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Please note that this discussion of our investments and investment strategy (including our research and investment process) represents our investments and investment strategy at the date of this commentary, and is subject to change without notice.  We cannot assure that the type of investments discussed in this commentary will outperform any other investment strategy in the future, nor can we guarantee that such investments will present the best or an attractive risk-adjusted investment in the future. This is for general informational purposes only; references to an individual security should not be construed as a recommendation to buy or sell that security.  The securities mentioned in this commentary are only several of the successful as well as unsuccessful investments by us, and do not represent all of the securities we have purchased, sold or recommended.  Although we deem reliable the sources of the statistical and other information referred to in this commentary, we cannot guarantee the accuracy or completeness of any statements or numerical data.  Past performance is no indication of future results.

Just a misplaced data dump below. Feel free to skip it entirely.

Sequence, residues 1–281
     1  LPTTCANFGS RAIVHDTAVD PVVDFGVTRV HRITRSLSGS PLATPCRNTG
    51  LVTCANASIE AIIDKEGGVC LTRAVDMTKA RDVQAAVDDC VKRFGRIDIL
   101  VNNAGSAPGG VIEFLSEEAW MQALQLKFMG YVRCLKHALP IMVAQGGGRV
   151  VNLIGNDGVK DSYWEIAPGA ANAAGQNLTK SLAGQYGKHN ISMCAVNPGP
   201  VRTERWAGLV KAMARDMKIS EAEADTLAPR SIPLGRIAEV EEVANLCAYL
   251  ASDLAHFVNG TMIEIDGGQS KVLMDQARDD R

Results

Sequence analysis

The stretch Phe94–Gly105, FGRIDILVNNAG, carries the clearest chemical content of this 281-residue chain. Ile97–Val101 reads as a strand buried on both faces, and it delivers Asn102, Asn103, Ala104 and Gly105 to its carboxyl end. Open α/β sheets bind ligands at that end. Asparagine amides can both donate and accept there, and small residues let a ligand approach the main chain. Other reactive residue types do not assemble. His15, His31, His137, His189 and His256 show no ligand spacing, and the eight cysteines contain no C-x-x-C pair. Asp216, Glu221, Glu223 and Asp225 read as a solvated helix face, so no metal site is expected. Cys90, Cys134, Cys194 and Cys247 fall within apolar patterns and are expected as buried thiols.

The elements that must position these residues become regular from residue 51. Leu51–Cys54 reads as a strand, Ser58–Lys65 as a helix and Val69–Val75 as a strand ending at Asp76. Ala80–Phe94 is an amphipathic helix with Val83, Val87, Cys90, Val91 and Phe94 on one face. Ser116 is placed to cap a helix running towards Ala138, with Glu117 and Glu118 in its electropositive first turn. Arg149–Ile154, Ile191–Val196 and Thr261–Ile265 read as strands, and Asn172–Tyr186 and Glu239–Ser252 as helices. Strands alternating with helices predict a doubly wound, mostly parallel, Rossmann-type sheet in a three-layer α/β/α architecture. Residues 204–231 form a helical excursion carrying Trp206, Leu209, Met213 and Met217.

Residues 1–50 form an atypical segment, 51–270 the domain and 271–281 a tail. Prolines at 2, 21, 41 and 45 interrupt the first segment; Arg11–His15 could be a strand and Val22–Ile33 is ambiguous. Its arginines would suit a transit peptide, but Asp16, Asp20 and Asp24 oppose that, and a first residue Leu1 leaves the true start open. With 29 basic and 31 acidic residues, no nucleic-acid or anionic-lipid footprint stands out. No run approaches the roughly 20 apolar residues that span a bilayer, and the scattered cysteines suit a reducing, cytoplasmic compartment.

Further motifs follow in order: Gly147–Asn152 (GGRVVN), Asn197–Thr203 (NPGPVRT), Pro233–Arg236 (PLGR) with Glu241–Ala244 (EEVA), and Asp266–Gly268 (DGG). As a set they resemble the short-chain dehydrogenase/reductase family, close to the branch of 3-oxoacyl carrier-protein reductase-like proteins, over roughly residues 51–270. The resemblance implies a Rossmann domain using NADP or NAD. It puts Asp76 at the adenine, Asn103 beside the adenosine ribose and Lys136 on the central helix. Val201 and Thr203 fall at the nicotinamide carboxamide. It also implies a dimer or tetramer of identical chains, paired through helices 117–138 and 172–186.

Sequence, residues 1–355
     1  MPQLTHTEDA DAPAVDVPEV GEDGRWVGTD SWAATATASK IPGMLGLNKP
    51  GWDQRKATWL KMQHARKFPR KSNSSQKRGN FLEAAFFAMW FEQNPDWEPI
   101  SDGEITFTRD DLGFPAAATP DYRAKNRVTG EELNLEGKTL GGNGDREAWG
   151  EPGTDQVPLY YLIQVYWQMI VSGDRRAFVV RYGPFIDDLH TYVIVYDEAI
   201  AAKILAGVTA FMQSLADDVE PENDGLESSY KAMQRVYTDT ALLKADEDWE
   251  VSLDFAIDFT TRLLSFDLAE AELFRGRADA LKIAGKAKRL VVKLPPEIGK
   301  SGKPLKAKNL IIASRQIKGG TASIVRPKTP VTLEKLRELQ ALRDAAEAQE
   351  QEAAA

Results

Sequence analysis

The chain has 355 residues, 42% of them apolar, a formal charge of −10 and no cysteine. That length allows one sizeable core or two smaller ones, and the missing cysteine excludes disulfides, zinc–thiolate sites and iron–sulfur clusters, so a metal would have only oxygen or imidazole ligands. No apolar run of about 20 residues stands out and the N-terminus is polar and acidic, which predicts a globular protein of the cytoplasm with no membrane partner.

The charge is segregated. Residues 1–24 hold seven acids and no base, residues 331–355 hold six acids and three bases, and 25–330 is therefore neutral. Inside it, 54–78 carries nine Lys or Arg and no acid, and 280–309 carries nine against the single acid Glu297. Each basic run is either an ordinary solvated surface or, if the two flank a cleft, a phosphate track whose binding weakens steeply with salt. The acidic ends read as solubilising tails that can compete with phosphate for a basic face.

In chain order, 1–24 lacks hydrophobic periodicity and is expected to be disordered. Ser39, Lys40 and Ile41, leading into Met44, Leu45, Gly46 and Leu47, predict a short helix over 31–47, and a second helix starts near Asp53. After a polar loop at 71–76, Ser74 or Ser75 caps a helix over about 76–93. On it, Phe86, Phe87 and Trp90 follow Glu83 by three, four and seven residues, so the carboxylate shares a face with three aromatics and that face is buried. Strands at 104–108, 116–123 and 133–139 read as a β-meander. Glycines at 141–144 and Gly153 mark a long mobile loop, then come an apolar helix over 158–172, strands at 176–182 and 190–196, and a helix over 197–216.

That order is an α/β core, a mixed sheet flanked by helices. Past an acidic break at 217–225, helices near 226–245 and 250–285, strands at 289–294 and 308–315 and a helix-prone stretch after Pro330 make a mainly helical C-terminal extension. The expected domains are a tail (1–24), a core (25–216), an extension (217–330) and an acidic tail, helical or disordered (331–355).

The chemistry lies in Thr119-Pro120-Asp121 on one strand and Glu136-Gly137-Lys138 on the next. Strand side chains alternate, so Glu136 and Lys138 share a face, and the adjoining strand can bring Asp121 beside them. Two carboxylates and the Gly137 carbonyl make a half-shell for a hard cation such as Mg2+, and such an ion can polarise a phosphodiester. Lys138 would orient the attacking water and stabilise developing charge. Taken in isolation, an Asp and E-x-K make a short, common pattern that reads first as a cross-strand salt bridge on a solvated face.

All charts from Factset unless otherwise noted. 

Trade Balance: drag on growth

Trade Balance: drag on growth

  • Trade deficit fell but Q2 averages are worse than Q1
  • Consumer good imports rose
  • Cap goods exports rose
  • All in all modest drag on GDP